Having arrived in Norwich after my journey with East Midlands Trains (read about that here) I took the opportunity to take a final trip on Greater Anglia’s ‘short set’ before it finished operating in the middle of May [turns out the short set is still operating when this post went live in early July!] . Operated on behalf of Greater Anglia by Direct Rail Services, the ‘short set’ comprises of two Mark 2 carriages top and tailed by Class 37 locomotives. With only one ‘short-set’ in operation, I planned my day around catching one of the services to Brundall before alighting and waiting for the same train on its return trip.
Due to Greater Anglia’s timetabling and various single-track sections of line, the ‘short-set’ arrived into Norwich’s platform 6 from its previous trip around 45 minutes prior to departure. Using some of the time to take photos of the historic Class 37s, I boarded one of the carriages to find them configured with all of the seats around tables, something that I believe is unique on trains operating scheduled services within the UK. Also on board were a collection of other railway enthusiasts, who, like me, had chosen to use the Bank Holiday take a ride on this historic train prior to its retirement.
Departing Norwich on time, the roar of the Class 37’s engine started, and we headed east along the banks of the River Yare with the line to Cromer and Sherringham diverging at Whitlingham Junction. The Wherry lines to Great Yarmouth and Lowestoft travel through the Norfolk Broads for pretty much their entire length, with the part between Brundall Gardens and Buckenham also passing through the Mid-Yare National Nature Reserve. Brundall station opened in 1844 and was the first stop after Norwich for 30 years until the now closed station at Whitlingham opened. In 1883, Brundall became a junction station after the branch to Great Yarmouth via Acle opened, with this route now being the primary connection between Norwich and Great Yarmouth.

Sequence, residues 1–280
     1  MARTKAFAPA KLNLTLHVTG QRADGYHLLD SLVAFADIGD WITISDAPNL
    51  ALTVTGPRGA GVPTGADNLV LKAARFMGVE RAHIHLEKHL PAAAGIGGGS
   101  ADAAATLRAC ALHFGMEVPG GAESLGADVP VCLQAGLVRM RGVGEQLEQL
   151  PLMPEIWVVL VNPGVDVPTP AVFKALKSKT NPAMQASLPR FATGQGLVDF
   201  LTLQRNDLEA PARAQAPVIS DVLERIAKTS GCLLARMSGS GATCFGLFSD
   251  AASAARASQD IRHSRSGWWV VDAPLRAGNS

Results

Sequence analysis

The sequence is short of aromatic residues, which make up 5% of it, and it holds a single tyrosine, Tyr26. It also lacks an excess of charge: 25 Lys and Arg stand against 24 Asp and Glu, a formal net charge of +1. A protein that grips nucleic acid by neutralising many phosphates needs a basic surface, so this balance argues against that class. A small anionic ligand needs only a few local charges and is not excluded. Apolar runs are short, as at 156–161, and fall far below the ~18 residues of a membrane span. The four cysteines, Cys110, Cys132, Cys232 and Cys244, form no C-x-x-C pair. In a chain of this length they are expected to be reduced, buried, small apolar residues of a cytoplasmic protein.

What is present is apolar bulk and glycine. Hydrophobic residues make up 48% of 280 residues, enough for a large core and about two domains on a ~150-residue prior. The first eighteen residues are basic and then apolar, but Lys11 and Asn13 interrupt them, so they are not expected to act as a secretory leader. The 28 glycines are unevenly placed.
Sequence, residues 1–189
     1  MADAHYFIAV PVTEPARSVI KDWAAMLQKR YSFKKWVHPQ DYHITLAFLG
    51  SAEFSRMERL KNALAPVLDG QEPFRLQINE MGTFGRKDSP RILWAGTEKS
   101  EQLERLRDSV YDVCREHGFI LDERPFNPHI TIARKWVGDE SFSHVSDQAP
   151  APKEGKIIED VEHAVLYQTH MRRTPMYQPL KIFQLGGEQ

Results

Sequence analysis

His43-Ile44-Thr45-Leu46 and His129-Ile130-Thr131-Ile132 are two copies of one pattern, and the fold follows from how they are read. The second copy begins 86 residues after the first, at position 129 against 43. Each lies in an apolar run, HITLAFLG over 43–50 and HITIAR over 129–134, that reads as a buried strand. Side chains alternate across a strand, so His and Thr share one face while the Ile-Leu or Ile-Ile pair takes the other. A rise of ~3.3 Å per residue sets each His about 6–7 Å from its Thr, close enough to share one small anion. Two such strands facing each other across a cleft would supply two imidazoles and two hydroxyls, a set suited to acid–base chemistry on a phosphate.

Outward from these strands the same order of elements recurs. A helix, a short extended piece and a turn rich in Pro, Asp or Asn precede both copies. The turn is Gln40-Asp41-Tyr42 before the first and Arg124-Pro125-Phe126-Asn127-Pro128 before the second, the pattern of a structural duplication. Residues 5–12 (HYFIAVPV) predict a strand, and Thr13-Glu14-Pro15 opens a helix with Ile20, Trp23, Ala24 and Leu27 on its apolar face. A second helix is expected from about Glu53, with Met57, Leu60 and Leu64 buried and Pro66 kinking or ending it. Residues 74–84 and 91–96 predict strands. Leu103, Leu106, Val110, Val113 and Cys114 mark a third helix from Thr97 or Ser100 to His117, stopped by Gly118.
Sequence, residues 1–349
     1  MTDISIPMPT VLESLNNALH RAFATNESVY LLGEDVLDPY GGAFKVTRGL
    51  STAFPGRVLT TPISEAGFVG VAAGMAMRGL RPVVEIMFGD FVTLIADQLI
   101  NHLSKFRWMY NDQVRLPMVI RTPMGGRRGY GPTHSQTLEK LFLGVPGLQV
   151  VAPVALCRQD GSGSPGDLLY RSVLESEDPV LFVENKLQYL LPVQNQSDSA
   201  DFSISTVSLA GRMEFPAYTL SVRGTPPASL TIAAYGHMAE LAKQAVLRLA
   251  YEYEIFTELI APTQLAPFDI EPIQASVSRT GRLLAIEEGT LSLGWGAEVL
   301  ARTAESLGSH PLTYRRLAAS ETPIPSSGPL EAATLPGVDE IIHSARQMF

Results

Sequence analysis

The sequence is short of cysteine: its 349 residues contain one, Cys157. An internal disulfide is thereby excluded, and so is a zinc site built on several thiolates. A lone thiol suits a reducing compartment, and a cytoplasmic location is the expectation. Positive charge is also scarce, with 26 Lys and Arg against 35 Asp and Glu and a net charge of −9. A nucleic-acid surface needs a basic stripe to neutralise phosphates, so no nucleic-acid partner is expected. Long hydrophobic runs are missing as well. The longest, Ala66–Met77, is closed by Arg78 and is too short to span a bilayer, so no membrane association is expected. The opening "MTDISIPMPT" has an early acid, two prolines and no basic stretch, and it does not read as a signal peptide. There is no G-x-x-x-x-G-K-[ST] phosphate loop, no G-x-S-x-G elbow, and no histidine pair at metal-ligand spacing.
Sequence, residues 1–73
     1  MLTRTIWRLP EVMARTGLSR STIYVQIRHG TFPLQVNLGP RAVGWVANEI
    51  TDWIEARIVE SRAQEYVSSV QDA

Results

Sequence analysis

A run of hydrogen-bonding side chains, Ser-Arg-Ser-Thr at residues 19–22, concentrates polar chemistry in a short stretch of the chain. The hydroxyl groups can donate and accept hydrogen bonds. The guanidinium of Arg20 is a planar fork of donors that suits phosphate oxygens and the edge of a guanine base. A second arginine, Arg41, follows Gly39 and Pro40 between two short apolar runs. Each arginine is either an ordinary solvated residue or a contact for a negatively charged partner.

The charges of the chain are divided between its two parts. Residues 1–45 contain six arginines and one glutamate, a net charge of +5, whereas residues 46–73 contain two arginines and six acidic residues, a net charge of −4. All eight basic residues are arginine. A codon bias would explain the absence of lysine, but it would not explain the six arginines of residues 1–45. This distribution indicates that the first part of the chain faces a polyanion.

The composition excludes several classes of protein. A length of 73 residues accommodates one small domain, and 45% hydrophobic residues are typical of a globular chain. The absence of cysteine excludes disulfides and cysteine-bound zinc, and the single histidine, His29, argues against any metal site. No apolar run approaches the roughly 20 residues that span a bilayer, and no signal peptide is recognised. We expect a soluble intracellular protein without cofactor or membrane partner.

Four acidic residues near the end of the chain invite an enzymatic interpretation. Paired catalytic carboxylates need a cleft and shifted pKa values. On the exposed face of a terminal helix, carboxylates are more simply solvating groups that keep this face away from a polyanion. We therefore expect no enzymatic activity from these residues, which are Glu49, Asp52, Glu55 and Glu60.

The Class 37s were constructed between 1960 and 1965 and were the main traction for inter-city services in Anglia and Scotland as well as operating on secondary and inter-regional services before being withdrawn from most services in the late 1980s and early 1990s. Nicknamed ‘Tractors’ due to the agricultural sound of the engines, there are still over 60 of the 50-something year old locomotives operating on the main line and a further 30 preserved and located on heritage lines across the UK from the Bodmin & Wenford Railway in Cornwall to the Caledonian Railway in Scotland.
Brundall is currently home to one of the few manually operated level crossings still in existence and this, along with the staggered platforms and semaphore signals gives the station a very rural and quaint feel. The footbridge spanning the railway provided the perfect vantage point to watch the train’s departure and listen to the sound of the Class 37’s engines from outside the train. You can find a video of the departure from Brundall on my Instagram here! With a 35-minute wait for the train to travel to Great Yarmouth and back, I settled down to wait and watched the crossing keeper operating the crossing for a number of other services passing through.
With the crossing being closed and the distant clunk of the semaphore signal being cleared, the ‘short set’ appeared around the curve from Lingwood and pulled into Brundall’s recently refurbished Norwich bound platform. When at a stand in this platform, the leading Class 37 sits blocking the level crossing and so boarding is swift with the guard quickly giving the driver the right to depart. Passing Norwich’s Crown Point depot, I am able to catch a glimpse of one of the Class 755s that will eventually replace the ‘short set’ on services across the Wherry Lines and Greater Anglia’s numerous other branch lines. Our arrival into Norwich signals the end of my foray on the Class 37s and probably my last ever journey on a train hauled by one of these locomotives. Whilst the introduction of modern trains is great for passengers and train operators alike, I cannot help but be sad by the ever diminishing number of locomotive-hauled services operating around the country.